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News > Latin America

Brazil Seizes Funds of Company Responsible for Mining Disaster

  • An aerial view of the Rio Doce (Doce River), which was flooded with mud after a dam owned by Vale SA and BHP Billiton Ltd burst.

    An aerial view of the Rio Doce (Doce River), which was flooded with mud after a dam owned by Vale SA and BHP Billiton Ltd burst. | Photo: Reuters

Published 26 November 2015

Seized money from Samarco’s bank accounts will likely be used to compensate victims.

A court in Brazil has confirmed the freezing of around US$78 million Thursday from the accounts of Samarco, the operator of an iron ore mine that sparked a major environmental disaster earlier this month.

The funds will be held by Brazil's central bank and may be used to provide compensation to victims of the disaster, according to government officials close to the matter.

Samarco has already been hit with fines of over US$60 million since a dam at one of its facilities burst on Nov. 5, leading to the flooding of surrounded areas and the displacement of hundreds of residents. At least 12 people have been confirmed dead in connection with the disaster and there are mounting concerns of a long-term health crisis.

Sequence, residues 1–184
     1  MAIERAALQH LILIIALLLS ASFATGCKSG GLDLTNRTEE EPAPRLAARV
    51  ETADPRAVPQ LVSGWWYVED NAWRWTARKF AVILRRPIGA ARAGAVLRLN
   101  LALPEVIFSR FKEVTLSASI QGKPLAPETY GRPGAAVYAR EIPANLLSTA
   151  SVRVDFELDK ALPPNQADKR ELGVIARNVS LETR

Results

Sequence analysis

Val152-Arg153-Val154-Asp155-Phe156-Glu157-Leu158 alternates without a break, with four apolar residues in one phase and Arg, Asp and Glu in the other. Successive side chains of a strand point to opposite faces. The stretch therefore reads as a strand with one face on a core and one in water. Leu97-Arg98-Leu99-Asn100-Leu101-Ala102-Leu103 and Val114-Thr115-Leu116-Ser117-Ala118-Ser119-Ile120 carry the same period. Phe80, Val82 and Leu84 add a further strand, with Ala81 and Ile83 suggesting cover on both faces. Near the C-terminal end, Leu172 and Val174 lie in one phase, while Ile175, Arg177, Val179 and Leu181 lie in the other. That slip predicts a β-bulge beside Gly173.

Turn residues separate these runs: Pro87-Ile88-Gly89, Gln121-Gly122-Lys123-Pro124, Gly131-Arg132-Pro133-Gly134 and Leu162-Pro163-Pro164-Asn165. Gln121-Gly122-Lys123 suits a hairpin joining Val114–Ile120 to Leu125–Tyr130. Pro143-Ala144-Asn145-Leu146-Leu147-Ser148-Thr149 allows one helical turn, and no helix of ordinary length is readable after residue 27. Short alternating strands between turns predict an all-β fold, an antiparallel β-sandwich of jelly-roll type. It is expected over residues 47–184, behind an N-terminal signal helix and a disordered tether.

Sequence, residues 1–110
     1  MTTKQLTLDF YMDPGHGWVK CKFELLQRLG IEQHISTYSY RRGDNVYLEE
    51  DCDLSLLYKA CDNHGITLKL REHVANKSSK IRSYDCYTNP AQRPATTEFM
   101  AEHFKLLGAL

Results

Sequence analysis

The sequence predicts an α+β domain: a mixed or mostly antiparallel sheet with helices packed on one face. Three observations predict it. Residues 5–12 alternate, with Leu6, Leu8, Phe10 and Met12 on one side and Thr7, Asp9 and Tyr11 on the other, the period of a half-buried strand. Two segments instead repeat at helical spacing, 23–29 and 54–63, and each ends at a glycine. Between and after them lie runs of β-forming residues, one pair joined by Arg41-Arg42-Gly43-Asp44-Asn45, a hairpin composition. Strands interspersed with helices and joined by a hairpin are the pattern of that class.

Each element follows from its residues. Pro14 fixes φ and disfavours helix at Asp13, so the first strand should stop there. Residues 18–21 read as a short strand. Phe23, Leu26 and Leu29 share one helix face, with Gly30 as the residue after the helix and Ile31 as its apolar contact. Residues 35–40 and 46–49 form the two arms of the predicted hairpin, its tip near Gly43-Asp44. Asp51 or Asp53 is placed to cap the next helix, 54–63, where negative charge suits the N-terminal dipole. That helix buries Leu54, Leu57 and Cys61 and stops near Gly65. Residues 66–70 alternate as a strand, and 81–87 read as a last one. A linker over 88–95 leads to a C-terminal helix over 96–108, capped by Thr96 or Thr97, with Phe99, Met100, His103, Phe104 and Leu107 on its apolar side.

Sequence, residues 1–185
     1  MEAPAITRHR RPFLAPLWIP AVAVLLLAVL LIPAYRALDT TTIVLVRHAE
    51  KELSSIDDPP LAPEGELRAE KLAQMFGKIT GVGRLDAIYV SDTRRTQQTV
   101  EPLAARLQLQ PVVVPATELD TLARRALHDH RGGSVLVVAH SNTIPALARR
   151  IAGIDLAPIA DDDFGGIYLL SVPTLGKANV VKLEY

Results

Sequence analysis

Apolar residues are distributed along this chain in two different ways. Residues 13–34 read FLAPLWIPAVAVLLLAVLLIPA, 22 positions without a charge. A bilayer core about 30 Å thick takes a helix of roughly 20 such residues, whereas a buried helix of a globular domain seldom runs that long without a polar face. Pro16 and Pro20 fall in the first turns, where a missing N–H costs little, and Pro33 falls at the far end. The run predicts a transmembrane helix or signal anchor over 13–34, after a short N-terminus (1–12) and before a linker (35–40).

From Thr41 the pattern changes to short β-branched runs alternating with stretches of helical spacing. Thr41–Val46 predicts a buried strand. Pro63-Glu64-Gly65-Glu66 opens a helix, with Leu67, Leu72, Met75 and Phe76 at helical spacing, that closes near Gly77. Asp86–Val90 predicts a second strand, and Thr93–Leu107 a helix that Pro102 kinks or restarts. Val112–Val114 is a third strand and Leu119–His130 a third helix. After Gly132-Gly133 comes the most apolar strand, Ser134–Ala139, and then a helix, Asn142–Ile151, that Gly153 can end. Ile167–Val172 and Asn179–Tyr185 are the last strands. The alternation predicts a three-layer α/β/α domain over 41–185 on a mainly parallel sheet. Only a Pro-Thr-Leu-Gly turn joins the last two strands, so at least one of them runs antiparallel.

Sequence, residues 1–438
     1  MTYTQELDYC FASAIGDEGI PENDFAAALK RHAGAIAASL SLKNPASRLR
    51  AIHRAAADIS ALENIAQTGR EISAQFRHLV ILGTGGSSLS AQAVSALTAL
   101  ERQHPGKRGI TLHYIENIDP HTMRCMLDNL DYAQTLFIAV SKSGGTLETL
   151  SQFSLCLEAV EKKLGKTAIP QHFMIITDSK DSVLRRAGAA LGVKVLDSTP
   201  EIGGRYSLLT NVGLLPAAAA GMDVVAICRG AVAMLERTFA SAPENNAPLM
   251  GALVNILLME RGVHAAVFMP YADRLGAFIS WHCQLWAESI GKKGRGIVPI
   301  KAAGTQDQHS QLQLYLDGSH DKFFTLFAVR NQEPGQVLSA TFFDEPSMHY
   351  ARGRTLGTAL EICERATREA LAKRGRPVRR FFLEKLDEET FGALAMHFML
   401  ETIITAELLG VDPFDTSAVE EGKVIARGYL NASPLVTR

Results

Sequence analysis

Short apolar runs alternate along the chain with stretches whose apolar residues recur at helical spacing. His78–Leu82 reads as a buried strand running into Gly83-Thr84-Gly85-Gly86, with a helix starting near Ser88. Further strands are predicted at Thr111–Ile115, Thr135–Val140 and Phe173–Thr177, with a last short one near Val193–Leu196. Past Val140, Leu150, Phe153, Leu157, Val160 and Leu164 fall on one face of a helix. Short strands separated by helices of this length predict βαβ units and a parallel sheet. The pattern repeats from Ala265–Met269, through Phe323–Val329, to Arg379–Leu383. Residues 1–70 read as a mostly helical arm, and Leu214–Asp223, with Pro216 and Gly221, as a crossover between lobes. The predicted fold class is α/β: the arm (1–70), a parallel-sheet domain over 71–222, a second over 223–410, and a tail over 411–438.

According to a United Nations report released Thursday, the flood waters contain toxic contaminants, contrary to Samarco's claims.

WATCH: Community Tries to Save Aquatic Life after Mining Disaster

"The scale of the environmental damage is the equivalent of 20,000 Olympic swimming pools of toxic mud waste contaminating the soil, rivers and water system of an area covering over 850 kilometers," said John Knox, the U.N.’s special rapporteur on human rights and the environment.

PHOTO GALLERY: Biggest Ecological Disaster in Brazil's History​

Samarco's co-owner, Anglo-Australian mining giant BHP-Billiton, however, continues to insist that the water and mineral waste contained by the dam were made up of clay and silt from processing earth containing iron ore.

"They will not change chemical composition in water and will behave in the environment like normal soils in the catchment," BHP said Thursday in a statement, without commenting on the U.N. report.

BHP-Billiton and Samarco’s other co-owner, the Brazilian firm Vale, have already agreed to pay US$260 million to the Brazilian government for damages caused by the environmental catastrophe.

Independent experts had warned the dam was unsafe as far back as 2013, according to a report from the Australian Financial Review.

“The publicly available report by four Brazilian academics was published in October 2013, around the time the state of Minas Gerais renewed Samarco's operating license for the dam system,” the newspaper reported.

RELATED: As Mining Firms Pay for Brazil Disaster, Protesters Sling Mud

According to prosecutors, the extent of damage could amount to much more than the US$260 million pledged by Samarco. Deutsche Bank estimates the total cost of cleanup could be as much as US$1 billion.

WATCH: Toxic Mudslide Leaves Towns Without Drinking Water

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